Uruk, a megacity?

Walking around Berlin, you can’t help notice the advertisements for a new show at the Pergamon Museum, called ‘Uruk Megacity‘. While you might forgive the curators for trying to lure visitors, the question is whether Uruk was really a city, let alone a mega-city. The walls themselves at the greatest expanse in the fourth millennium encompassed 6 square kilometres. Huge? More like a country town. Estimating population is a bit like divination, so estimates range from 20,000 to 50,000 (the top end is little fanciful). A decent town, perhaps, or even a small city. Except that this is the total population of the whole city-state of Uruk, which was really a rather modest affair. At a stretch, you may want to argue that by comparison with other places, it counts as a city, where most of the few centres were around 3000 each. But ‘mega-city’ is really pushing it. Then again, ‘Uruk, Megatown’ doesn’t quite have the same ring to it.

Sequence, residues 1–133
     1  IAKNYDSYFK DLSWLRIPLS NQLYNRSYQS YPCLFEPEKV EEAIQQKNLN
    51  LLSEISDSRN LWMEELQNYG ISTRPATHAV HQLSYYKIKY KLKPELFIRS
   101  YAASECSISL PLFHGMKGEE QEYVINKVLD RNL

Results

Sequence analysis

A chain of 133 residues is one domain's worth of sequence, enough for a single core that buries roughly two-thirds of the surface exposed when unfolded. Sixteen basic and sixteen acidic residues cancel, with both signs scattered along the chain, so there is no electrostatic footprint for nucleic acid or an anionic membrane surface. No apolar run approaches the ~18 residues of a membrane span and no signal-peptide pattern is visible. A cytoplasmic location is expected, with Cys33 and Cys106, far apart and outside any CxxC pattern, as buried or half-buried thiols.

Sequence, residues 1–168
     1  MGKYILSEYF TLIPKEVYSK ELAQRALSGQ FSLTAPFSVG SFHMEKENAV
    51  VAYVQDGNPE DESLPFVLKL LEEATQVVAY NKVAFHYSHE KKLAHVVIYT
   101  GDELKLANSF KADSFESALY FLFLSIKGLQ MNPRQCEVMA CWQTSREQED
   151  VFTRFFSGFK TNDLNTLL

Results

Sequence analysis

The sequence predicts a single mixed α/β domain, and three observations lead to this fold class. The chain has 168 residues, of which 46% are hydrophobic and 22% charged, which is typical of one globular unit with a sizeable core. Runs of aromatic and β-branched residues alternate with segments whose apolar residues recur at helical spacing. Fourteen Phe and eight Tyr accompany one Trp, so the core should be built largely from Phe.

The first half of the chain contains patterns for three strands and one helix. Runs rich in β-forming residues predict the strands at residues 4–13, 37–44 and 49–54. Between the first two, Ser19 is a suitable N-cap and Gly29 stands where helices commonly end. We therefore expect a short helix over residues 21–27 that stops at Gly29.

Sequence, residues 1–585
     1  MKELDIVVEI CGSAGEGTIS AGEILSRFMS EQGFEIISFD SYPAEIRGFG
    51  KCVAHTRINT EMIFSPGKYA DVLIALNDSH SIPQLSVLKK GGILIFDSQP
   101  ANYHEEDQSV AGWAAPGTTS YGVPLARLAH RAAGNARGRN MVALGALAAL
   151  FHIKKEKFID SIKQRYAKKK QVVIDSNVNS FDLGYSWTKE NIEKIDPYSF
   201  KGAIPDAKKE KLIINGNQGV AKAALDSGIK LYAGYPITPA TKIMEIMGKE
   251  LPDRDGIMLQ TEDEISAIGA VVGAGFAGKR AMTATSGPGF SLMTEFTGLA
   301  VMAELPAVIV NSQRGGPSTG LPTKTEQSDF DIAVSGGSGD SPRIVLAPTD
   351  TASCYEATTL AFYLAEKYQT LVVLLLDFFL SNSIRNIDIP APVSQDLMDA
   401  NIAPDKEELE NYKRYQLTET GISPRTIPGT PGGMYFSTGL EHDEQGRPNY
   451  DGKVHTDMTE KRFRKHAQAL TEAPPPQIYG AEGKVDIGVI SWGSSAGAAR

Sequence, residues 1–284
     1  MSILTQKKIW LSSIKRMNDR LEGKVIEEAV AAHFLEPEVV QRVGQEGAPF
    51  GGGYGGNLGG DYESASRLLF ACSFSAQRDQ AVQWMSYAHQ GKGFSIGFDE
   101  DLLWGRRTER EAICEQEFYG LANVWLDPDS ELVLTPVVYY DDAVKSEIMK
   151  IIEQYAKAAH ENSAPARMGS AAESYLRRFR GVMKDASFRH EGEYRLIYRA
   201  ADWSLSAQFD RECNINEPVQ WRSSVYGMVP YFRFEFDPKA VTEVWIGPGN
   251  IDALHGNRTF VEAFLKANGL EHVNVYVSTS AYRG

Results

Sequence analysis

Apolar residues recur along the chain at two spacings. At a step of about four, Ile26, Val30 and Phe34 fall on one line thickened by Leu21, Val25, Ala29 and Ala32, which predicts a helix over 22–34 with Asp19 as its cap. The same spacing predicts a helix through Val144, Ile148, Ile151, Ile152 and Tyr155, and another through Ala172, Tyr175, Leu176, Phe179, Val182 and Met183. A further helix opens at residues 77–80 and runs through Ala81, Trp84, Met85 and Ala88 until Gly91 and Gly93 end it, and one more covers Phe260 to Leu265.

2 thoughts on “Uruk, a megacity?

  1. Well, if you came in from some reed village in the marshes, it would seem like New York. You could get lost!

    1. That’s the usual line taken, but to call it a megacity is a just a trifle misleading. As O’Connor points out: ‘the usage of English ‘city’ in the Bible is not an ordinary part of English usage. Biblical English ‘city’ is a calque, a term that transfers into another language the range of meanings and associations not found in the source language.’

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